Probe of FBI’s handling of Trump-Russia investigation ends

US special prosecutor criticises FBI approach to politically charged investigation but does not issue new charges.

Special Counsel John Durham leaves federal court in Washington, DC, the US, May 16, 2022.
Special Counsel John Durham, the prosecutor appointed to investigate potential government wrongdoing in the early days of the Trump-Russia probe, leaves federal court in Washington, DC, the US [File: Manuel Balce Ceneta/AP Photo]

A special United States probe into the conduct of the Federal Bureau of Investigation (FBI) has found that the agency lacked “actual evidence” to investigate possible collusion between Donald Trump’s 2016 presidential campaign and Russia.

Monday’s release of Special Counsel John Durham’s report — totalling more than 300 pages — marked the end of a four-year investigation deeply steeped in politics.

Trump had promised the probe would uncover the “crime of the century” and prove he had been the repeated subject of political “witch hunts”, with supporters regularly touting that the special counsel’s work would vindicate the former US president.

But critics have said Attorney General Bill Barr, who appointed Durham to lead the probe in 2019, launched the investigation to muddy the political waters surrounding Trump.

The report released on Monday detailed several missteps by the FBI, including that federal investigators relied too heavily on tips provided by Trump’s political opponents to drive their probe.

It further accused the FBI of treating the 2016 Trump probe differently than other politically sensitive investigations, including several involving Trump’s Democratic rival, Hillary Clinton.

“The Department and the FBI failed to uphold their important mission of strict fidelity to the law in connection with certain events and activities described in this report,” Durham wrote. “Senior FBI personnel displayed a serious lack of analytical rigor towards the information that they received, especially information from politically affiliated persons and entities.”

Still, the effect of the special counsel investigation has been muted.

Last year, two separate juries acquitted two of the defendants Durham tried to prosecute in relation to the investigation. And the report released on Monday offered no new charges.

In one case brought by Durham, a jury in Washington, DC, acquitted Clinton’s former campaign lawyer Michael Sussmann on charges he lied to the FBI when he met with the bureau in September 2016 to share a tip about possible communications between Trump’s business and a Russian bank.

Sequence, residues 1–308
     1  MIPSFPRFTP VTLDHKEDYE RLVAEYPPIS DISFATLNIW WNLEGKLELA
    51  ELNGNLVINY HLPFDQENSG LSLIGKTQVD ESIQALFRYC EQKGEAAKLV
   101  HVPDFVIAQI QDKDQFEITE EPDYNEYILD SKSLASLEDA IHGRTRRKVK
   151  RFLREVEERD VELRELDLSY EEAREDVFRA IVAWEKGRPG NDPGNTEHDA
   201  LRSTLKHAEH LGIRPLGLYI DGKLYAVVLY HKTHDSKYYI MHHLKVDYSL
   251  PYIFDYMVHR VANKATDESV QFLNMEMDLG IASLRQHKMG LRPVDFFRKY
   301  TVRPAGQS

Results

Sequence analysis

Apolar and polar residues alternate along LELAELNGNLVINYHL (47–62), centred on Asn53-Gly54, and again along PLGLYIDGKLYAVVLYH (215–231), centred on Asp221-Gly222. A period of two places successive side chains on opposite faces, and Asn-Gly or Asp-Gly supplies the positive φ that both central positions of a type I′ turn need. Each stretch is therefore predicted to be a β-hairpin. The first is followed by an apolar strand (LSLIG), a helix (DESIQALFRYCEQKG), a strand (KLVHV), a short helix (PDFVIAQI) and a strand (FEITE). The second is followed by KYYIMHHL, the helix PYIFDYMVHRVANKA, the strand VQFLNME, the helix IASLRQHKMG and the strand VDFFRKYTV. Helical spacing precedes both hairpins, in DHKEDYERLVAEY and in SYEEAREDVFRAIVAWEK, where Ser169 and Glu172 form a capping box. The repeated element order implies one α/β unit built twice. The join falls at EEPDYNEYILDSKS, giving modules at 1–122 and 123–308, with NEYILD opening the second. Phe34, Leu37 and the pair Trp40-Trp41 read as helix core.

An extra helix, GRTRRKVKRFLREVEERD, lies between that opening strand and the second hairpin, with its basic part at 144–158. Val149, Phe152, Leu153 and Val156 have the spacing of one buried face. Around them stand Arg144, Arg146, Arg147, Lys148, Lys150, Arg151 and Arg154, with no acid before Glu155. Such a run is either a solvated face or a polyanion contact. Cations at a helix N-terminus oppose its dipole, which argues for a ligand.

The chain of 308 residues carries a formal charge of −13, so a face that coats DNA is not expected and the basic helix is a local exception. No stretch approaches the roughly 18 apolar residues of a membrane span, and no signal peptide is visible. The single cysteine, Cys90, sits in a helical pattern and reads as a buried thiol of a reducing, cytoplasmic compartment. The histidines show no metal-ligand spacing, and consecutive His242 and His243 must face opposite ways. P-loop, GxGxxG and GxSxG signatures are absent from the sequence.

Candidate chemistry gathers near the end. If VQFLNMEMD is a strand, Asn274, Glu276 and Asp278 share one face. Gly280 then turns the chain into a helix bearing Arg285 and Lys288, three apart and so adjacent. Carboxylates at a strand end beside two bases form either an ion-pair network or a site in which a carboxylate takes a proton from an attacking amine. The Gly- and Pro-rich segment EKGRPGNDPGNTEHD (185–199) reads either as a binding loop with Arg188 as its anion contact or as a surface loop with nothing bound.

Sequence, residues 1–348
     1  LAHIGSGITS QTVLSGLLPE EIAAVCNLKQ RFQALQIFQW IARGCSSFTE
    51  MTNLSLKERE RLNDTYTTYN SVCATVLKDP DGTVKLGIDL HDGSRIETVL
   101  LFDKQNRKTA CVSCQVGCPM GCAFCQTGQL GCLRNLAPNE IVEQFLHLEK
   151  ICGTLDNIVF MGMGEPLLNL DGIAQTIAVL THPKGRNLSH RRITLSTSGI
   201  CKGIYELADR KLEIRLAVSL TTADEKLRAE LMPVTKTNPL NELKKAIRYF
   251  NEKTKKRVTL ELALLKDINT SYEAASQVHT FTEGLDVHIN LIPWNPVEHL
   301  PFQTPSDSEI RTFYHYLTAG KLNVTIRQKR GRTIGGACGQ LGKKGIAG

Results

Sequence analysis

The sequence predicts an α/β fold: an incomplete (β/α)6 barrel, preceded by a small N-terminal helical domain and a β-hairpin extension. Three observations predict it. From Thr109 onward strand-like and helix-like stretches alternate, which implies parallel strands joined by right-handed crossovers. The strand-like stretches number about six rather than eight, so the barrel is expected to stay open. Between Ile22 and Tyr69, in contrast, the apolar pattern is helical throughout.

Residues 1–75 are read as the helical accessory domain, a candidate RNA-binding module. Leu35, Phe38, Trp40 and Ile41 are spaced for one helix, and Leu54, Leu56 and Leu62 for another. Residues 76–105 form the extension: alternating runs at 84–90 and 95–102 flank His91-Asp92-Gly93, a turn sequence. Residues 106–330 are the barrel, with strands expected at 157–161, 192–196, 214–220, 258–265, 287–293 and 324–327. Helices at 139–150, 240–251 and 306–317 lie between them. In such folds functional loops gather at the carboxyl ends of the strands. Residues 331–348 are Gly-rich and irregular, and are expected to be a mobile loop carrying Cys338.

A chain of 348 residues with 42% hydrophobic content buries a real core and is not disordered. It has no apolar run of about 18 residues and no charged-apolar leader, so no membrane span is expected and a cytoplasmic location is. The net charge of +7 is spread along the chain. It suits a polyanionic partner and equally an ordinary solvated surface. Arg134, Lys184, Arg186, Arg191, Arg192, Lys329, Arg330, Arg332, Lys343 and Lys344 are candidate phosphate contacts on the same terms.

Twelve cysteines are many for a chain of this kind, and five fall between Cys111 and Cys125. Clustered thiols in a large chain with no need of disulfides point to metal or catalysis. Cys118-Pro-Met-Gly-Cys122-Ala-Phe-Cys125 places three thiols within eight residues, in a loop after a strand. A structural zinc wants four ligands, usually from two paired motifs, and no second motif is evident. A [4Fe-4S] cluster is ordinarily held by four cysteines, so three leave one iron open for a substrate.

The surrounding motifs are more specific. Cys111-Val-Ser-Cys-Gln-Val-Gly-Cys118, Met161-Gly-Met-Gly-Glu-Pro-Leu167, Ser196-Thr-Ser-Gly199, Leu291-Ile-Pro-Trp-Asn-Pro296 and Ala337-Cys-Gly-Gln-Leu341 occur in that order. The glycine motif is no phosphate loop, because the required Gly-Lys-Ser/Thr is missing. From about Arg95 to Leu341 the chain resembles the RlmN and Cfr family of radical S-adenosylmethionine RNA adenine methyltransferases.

Durham’s investigation was dealt another major setback just a few months later when a jury in Virginia acquitted Russian researcher Igor Danchenko of charges that he lied to the FBI.

The allegations related to statements Danchenko made about the sources of information he provided as part of a collection of potentially harmful information against Trump known as the “Steele dossier”.

Durham did secure a successful guilty plea against former FBI lawyer Kevin Clinesmith, who was singled out for altering an email that was used to justify a government wiretap application.

Many of the details in Durham’s probe had previously been revealed in a 2019 inspector general report.

For its part, the FBI investigation into Trump, which was later handed over to Special Counsel Robert Mueller, concluded in March 2019 that there were “numerous links” between the Russian government and the Trump campaign.

It also said that Russia worked to support Trump and harm Clinton, but that there was no evidence of a criminal conspiracy between the former Republican president’s 2016 campaign and Moscow.

The FBI has also long since announced dozens of corrective actions. The bureau outlined those changes in a letter to Durham on Monday, including steps meant to ensure the accuracy of secretive surveillance applications to eavesdrop on suspected “terrorists” and spies.

“Had those reforms been in place in 2016, the missteps identified in the report could have been prevented. This report reinforces the importance of ensuring the FBI continues to do its work with the rigor, objectivity, and professionalism the American people deserve and rightly expect,” the FBI said in a statement.

It also stressed that the report focused on the FBI’s prior leadership, before current Director Christopher Wray took the job in 2017.

Still, Durham’s findings are likely to amplify scrutiny of the FBI at a time when Trump is again seeking the White House as well as offer new fodder for Republican legislators who have launched their own investigation into the purported “weaponisation” of the FBI and Justice Department.

After the report was released, Republican House Judiciary Committee Chairman Jim Jordan said he had invited Durham to testify next week.

Trump, who is facing a series of legal issues, also claimed on his Truth Social platform on Monday that the report showed the US public had been “scammed”.

Source: Al Jazeera and news agencies